The failure to diagnose an illness or other medical condition can cause considerable pain and suffering to be experienced by a patient and, in the case of a failure to diagnose a serious illness, it can allow the condition to progress to the point where treatment becomes difficult or even impossible.
In order to be able to claim compensation for a failure to diagnose an illness in Ireland, you must have suffered harm as a direct result of the failure to diagnose illness. Your medical condition must have deteriorated significantly as a result of a failure to diagnose illness, and your medical records must show this. They must also show that the symptoms that you originally visited a doctor about were accurately recorded. When assessing compensation claims for a failure to diagnose illness, your medical records will be used by medical experts to determine whether a competent doctor should have identified the signs of an illness under the same circumstances, and would have been able to diagnose the illness and taken action to avoid you from suffering an injury.
Compensation Claims for a Failure to Diagnose Appendicitis
A failure to diagnose appendicitis is a common failure to diagnose a medical condition, and is one which can cause the health of a patient to seriously suffer. A failure to diagnose appendicitis should not occur when a patient visits a doctor or emergency room with severe pain in the lower right abdomen, and the common accompanying symptoms of nausea, vomiting and a fever. A failure to diagnose appendicitis – a condition which requires immediate surgery – can cause the appendix to rupture and can lead to serious injuries developing such as septicaemia and peritonitis. A failure to diagnose appendicitis can usually result in a successful claim for compensation being made.
Compensation Claims for Failure to Diagnose Cancer
A failure to diagnose cancer can have fatal consequences for the victim. When cancer is accurately diagnosed in its early stages, treatment can be highly effective. As cancer progresses it becomes far more serious and difficult to treat effectively. Cancer diagnosed in stage 0 or stage 1 may respond well to treatment. Cancer in stage 3 or the final stage can be fatal and may not respond to treatment at all. A claim for compensation for failure to diagnose cancer may depend on the length of time taken between the symptoms of cancer being present and when the diagnosis was actually made.
A delay of a few days to a few weeks is not usually sufficient for a failure to diagnose cancer claim to be successful. If you have developed a cancer which could not have been treated effectively had a correct diagnosis been made earlier, this cannot form the basis of a claim for compensation for failure to diagnose cancer. Any failure to diagnose cancer claim must be assessed by an experienced medical negligence solicitor, who will tell you if you are eligible to make a claim for compensation.
Failure to Diagnose Stroke Claims for Compensation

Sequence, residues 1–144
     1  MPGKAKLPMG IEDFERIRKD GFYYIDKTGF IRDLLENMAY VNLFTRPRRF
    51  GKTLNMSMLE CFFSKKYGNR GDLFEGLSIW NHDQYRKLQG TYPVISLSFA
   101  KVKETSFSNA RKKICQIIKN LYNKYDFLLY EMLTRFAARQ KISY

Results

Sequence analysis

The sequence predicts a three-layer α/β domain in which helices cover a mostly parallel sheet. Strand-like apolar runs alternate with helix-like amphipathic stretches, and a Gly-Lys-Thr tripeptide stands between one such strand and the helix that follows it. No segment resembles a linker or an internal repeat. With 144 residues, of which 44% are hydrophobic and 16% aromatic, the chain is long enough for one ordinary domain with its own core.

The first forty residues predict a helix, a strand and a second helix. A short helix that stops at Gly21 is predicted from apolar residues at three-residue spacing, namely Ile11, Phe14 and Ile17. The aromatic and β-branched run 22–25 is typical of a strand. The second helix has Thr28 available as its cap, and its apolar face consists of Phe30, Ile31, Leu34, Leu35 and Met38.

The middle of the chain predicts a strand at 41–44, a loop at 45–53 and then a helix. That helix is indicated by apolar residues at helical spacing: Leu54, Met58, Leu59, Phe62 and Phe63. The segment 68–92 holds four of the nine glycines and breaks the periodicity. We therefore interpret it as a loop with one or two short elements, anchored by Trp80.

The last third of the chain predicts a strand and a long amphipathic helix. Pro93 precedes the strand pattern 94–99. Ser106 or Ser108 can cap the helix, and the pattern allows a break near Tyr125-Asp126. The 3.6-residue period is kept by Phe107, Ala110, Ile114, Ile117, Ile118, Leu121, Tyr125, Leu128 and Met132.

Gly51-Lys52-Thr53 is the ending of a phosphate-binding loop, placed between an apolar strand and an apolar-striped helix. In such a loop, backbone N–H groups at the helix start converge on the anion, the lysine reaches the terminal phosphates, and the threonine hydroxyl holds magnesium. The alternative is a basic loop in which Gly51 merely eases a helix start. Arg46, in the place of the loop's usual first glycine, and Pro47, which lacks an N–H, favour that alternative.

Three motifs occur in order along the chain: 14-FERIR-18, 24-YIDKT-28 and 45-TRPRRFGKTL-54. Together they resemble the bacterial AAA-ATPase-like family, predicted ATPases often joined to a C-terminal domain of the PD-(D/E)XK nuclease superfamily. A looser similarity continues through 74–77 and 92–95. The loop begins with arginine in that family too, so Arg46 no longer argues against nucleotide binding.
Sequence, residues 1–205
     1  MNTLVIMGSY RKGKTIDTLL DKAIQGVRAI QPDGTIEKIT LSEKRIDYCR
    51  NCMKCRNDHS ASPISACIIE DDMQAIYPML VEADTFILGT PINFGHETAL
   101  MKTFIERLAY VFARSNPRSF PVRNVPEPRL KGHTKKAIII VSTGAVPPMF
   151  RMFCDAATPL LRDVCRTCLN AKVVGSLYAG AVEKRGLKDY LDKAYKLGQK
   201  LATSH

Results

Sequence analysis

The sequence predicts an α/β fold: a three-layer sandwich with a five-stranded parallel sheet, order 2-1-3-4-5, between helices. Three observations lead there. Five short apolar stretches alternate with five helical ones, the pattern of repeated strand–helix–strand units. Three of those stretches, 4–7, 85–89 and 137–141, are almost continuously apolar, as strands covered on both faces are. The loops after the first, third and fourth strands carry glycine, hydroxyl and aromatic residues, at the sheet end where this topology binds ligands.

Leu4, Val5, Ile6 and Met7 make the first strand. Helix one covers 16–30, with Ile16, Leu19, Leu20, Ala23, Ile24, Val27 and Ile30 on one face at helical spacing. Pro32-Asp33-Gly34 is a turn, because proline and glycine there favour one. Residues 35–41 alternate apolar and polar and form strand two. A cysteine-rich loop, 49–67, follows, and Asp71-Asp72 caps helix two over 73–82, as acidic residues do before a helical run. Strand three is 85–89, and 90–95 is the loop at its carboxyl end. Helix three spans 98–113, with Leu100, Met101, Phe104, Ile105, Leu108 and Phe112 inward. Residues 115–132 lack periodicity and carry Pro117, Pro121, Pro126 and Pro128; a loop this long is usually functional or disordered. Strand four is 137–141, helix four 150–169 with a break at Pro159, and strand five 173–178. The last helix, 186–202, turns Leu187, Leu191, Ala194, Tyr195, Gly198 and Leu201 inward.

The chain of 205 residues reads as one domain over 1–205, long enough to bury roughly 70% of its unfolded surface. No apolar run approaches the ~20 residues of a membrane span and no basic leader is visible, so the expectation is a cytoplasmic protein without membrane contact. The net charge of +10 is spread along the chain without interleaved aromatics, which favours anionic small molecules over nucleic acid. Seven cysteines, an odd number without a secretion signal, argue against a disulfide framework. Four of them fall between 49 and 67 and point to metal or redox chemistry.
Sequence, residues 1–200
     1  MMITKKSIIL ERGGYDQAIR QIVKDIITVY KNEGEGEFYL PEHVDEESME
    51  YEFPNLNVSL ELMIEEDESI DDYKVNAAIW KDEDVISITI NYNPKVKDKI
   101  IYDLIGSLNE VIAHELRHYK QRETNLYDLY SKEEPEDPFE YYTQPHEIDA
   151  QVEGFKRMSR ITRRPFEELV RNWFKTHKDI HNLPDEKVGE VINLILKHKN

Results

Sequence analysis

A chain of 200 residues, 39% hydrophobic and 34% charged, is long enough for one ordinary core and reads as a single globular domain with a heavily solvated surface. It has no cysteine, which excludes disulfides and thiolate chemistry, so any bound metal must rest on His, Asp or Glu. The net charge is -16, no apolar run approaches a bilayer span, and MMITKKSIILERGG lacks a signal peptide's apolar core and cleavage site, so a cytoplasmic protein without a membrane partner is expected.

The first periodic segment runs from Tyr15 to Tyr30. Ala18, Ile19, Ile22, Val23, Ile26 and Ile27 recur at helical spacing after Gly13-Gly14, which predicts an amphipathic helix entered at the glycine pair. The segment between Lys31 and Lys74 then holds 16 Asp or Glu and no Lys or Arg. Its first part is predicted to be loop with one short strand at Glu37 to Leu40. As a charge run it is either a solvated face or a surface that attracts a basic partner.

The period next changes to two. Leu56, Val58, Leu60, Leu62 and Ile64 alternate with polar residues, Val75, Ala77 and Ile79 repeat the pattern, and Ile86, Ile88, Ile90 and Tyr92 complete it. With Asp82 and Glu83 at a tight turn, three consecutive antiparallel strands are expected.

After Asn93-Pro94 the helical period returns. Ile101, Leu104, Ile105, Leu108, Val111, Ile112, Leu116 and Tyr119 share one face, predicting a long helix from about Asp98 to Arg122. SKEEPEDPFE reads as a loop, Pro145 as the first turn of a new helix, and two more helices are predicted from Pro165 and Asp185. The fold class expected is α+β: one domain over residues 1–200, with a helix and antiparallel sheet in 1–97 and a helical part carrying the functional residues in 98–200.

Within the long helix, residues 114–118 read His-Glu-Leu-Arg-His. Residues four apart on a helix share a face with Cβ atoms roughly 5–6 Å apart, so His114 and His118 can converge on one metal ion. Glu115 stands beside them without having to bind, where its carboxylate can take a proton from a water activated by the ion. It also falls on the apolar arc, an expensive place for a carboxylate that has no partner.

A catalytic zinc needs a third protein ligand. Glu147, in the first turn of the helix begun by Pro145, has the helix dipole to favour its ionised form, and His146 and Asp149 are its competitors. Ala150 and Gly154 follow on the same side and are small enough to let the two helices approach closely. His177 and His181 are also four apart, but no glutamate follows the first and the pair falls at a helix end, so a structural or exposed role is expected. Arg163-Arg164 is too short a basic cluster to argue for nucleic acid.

The quick treatment of a stroke is vital to prevent permanent damage from being sustained. A failure to diagnose stroke can see a patient suffer further strokes, which can often be prevented with appropriate medication and lifestyle changes. A failure to diagnose stroke can cause a patient permanent damage, and can often be fatal. If you believe that a doctor should have made a diagnosis based on your symptoms, his failure to diagnose stroke could be classed as medical negligence, and a failure to diagnose stroke claim for compensation could be made.
Claims for a Failure to Diagnose Infection in Ireland
A failure to diagnose infection can form the basis of a claim for medical negligence compensation if, based on the information the doctor had at the time, he should have been able to make an accurate diagnosis or should have arranged for medical tests to be completed which would have indicated that there was an infection. A failure to diagnose infection can result in a successful claim for compensation if the health of the patient has deteriorated as a result of a delayed diagnosis, and if the early treatment of the infection would have prevented further health problems from being suffered.
Failure to Diagnose Autism Claims in Ireland
A failure to diagnose autism in a child will result in a delay in treatment being administered, which can have a profound effect on the child’s health and the extent to which autism controls the child’s life. Autism is a medical disorder that develops in the first three years of a child’s life, and the early treatment of autism can greatly improve the quality of a child’s life. If you have visited a doctor, and tests for autism were not conducted, and you believe that they should have been – given the symptoms that your child was displaying – this could amount to medical negligence, and you should consult a medical negligence solicitor about making a claim for compensation for failure to diagnose autism.
Free Legal Advice on Failure to Diagnose Claims
Medical negligence claims law is highly complex, and determining when a failure to diagnose can be the basis of a medical negligence compensation claim requires not only an experienced medical negligence solicitor, but also medical experts to assess the case.
A medical negligence solicitor will listen to your account of the failure to diagnose a medical condition, and will advise you about your eligibility to make a claim for compensation. An experienced medical negligence solicitor will know the best medical experts to consult to help substantiate a claim for a failure to diagnose an illness, so that the strongest possible case can be presented.
Call our helpline today on Freephone for a free assessment of a claim for failure to diagnose an illness, or complete our call back form below and one of our experienced medical negligence claims solicitors will call you back when you are free to talk.